There is no obstacle to cross-border trade. To date, two EU countries (Germany and Spain) have carried out legislative initiatives favouring news publishers (in the case of Germany) , or publishers of periodic publications aimed at informing, creating public opinion or entertaining (in the case of Spain). In both cases, the introduction of a right was ineffective. The German and Spanish laws did not generate revenue for the publishers they sought to protect, making the legislative intervention moot. Therefore, the obstacle to trade that could in theory result from a territorial right existing in two Member States becomes illusory, as in both cases the right is deprived of its subject matter (i.e., protecting and ensuring compensation for publishers).
Cross-border trade in publications does not represent a large part of the publishing market, since the latter is language-based, and naturally split along national borders. The use of many languages makes it hard to market products – books, newspapers and magazines – across Europe. This is especially true for news publishers; despite globalisation, it is expected that in the majority of Member States the largest part of the market is occupied by national news outlets. As a result of these inherent limitations of the publishing market, cross-border trade of the relevant products represents a negligible part of the publishing market. This is particularly so for the news publishing market, where cross-border trade of newspapers (either online or offline) does not have substantial weight in the market for news publishing.
It is also unlikely that an obstacle will arise in the future. In light of the failed experiences of Germany and Spain, other EU Member States will most likely refrain from taking similar initiatives. The chilling effect was already felt in Austria, where the adoption of a neighbouring right for news publishers was postponed and did not make it into the final law. Parliamentary interventions show that, while the need to notify the EU Commission of the new right was a central reason for this postponement, the negative outcomes in Germany and Spain did not go unnoticed either. In addition, in other countries, including Belgium, France and Italy, non-legislative solutions were agreed between the different stakeholders, making it unlikely that such agreements will be supplemented by legislation.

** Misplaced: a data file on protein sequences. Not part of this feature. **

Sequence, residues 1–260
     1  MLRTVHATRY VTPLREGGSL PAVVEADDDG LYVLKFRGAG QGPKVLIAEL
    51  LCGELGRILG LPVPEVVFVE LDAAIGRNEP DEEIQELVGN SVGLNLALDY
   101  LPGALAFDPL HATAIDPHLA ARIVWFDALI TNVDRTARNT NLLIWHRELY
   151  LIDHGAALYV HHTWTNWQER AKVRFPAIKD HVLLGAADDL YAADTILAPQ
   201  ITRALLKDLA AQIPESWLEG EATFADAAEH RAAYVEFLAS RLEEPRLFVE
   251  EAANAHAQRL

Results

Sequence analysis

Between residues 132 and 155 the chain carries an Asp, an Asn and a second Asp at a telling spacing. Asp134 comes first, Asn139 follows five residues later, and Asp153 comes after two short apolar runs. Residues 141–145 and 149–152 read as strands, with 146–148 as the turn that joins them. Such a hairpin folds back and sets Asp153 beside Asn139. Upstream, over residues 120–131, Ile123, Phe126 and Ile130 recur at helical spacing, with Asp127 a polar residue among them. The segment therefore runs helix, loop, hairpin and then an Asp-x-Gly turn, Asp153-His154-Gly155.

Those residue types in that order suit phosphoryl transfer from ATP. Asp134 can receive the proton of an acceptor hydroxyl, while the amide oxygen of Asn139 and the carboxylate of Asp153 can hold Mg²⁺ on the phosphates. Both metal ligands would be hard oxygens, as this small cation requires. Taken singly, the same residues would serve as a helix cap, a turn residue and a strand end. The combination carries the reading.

No appreciable distortion to competition exists either. Publishers established in Member States that provide for a right for publishers could in theory be at an advantage due to profit increase. However, the fact that aggregators can freely market their services in all Member States except Spain and Germany does not have significant economic implications – these were curtailed by the withdrawal of several aggregators from the market in the case of Spain and by the grant of gratis licences in the case of Germany. Indeed, any advantage of Spanish and German publishers vis-à-vis publishers in other Member States was diluted by the fact that in practice the rights did not have the effect sought. Even if the legislative initiatives of Germany and Spain had been successful – the publishers in those Member States being thus, in theory, at an advantage – cross-border trade of the relevant product(s) is not a frequent occurrence, as the market is mainly national. Any potential distortion is therefore not appreciable.
There would be no improvement of the conditions in the internal market. Due to the lack of obstacles to trade or appreciable distortions to competition, a legislative measure creating a neighbouring right for publishers would not improve conditions in the internal market, as there are no internal market hurdles to solve.